Automatic temperature monitoring in hospitals
Temperature monitoring for vaccines, blood products and food in hospitals and medical centres is vital. Safety during storage in all of these areas is key to ensuring that people are not put at risk.
Systems that don’t rely on human intervention, unless there is need to correct a problem, are the only way to proceed. There are many new products on the market which can be used to make monitoring temperatures easy and automatic. Removing the ‘human factor’ removes the likelihood of errors occurring.
When human input is required on a regular basis to monitor temperatures, invariably pieces of paper on which the temperatures are written are lost, personnel forget to check the temperature or don’t have time and then they often ‘make up’ a value to put on their monitoring sheet.
Refrigerators can also fail or suffer power problems out of hours allowing vaccines, blood products or food to rise in temperature, causing vaccines and blood products to become ineffective or food to become spoiled or toxic. If a fridge fails during the night, the internal temperature may rise to dangerous levels; should power then be restored and the temperature come back to correct levels by morning, personnel would not be aware of the cold chain breach.
Often it is the most vulnerable people in our community who suffer as a result, being already ill in hospital, aged and relying on meals being prepared for them, or requiring a vaccine to cure or prevent an illness. When vaccines are found not to be effective, people, including children, have to be recalled to be re-vaccinated. When food is found to be toxic, it is generally established when people present as ill to doctors or emergency departments, or, even worse, people may die from food poisoning.
It is essential to store vaccines and blood products as well as food in the correct temperatures to maintain their effectiveness and their safety for use.
The automatic temperature monitoring systems available can be wireless, WiFi-enabled and simple to install. Many systems will email, voice call and SMS a temperature alert to a list of contacts. If the alert is not arrested (ie, the refrigerator does not come back to the correct temperature within a specified time period), it will escalate the alert to other contacts that have been programmed into the memory. Most units these days will log the temperatures to ‘the cloud’ allowing people with security access to check temperatures from anywhere they have internet, download history reports immediately for auditors and change refrigerator temperature setpoints when needed. Battery back-up also ensures that power failure does not impede the logging and alert functions.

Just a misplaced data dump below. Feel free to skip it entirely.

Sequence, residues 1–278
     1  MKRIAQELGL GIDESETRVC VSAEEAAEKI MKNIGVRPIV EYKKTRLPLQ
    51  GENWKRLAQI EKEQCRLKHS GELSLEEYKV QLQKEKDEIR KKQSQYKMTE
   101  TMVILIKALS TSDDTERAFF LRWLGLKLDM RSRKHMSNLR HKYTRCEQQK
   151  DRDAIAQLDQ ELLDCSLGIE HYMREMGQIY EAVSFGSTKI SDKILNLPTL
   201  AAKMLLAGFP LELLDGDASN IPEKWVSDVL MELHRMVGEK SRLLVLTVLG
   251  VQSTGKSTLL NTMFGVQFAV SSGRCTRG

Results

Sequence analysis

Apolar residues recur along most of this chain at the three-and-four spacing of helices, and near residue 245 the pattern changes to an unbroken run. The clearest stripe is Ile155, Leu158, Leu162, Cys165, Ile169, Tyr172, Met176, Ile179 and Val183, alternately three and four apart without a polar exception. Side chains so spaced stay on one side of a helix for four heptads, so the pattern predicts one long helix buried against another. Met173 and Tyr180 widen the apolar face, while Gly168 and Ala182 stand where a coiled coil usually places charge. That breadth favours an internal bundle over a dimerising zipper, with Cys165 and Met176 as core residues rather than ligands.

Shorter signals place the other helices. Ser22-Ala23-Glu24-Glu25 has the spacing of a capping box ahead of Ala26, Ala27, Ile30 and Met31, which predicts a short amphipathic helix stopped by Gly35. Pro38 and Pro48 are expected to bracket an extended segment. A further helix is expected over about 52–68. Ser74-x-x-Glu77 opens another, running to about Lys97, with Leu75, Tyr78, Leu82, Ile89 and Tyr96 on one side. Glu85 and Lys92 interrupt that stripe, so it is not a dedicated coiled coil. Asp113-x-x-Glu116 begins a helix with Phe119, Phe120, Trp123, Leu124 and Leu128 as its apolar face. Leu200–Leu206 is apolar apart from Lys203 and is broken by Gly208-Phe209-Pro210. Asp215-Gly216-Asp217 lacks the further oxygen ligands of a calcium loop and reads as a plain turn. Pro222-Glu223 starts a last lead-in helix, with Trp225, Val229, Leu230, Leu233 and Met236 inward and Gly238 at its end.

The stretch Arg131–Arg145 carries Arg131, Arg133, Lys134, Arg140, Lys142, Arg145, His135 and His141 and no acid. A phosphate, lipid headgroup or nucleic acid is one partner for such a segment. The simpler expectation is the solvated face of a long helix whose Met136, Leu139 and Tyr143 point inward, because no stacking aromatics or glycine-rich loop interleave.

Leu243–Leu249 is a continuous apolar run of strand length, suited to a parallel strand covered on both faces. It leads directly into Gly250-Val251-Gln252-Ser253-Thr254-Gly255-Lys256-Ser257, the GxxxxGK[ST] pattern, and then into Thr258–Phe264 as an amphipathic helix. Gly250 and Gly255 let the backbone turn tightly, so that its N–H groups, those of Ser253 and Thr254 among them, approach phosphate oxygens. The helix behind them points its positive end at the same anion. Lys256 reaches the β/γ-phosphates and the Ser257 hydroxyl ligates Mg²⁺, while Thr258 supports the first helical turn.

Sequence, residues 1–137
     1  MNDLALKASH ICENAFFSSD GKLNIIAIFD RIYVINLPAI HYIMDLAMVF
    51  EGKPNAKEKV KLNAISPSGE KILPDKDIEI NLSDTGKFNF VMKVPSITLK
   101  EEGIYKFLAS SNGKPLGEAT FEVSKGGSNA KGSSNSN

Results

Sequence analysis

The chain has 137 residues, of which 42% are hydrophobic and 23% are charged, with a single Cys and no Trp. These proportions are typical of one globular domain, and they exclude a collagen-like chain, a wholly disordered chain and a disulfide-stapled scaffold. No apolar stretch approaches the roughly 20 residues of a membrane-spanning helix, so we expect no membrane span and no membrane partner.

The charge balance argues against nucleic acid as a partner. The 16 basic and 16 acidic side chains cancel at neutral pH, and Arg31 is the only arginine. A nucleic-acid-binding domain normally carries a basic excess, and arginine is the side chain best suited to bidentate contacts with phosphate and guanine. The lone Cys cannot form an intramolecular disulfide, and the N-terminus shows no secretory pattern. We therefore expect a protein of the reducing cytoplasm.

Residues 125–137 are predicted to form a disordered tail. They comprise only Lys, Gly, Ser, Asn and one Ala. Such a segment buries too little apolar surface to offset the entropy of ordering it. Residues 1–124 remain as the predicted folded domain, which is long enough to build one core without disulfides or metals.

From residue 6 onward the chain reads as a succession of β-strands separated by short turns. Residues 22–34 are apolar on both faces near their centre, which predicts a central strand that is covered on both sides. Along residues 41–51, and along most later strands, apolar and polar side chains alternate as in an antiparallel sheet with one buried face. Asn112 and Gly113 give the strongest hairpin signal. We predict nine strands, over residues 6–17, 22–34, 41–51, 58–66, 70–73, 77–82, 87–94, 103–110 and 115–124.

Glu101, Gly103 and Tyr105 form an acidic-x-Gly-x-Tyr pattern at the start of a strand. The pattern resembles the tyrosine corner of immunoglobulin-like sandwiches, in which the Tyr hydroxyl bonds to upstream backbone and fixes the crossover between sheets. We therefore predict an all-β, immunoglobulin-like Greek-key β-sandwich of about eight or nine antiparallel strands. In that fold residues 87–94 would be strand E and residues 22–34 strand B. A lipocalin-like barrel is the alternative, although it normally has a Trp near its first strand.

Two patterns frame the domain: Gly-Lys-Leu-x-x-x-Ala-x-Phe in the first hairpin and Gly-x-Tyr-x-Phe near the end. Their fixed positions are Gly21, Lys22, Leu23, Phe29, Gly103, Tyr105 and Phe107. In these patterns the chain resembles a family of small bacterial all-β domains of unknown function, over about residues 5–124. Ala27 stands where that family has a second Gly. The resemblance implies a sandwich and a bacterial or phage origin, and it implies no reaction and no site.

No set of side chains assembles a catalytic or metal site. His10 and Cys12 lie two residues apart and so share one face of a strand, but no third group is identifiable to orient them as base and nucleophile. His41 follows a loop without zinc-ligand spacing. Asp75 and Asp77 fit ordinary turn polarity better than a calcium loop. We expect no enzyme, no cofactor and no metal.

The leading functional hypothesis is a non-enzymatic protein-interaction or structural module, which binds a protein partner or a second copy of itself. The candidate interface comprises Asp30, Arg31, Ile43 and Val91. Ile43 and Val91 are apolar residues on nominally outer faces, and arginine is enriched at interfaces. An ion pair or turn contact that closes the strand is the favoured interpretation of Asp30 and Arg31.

The flexibility available with these newer systems is endless and, most importantly, it removes the need for personnel to do daily monitoring activities, removing the likelihood of a cold chain breach being missed and freeing personnel to be able to concentrate on their normal daily tasks.
Safety during storage is vital to ensure the safety of vaccines, blood products and food.
As the TGA launches a new awareness campaign aimed at curbing opioid-related harm, an...
What do you do when your hospital pharmacy can't fill a script?
The 2019 edition of the Australian Guidelines for the Prevention and Control of Infection in...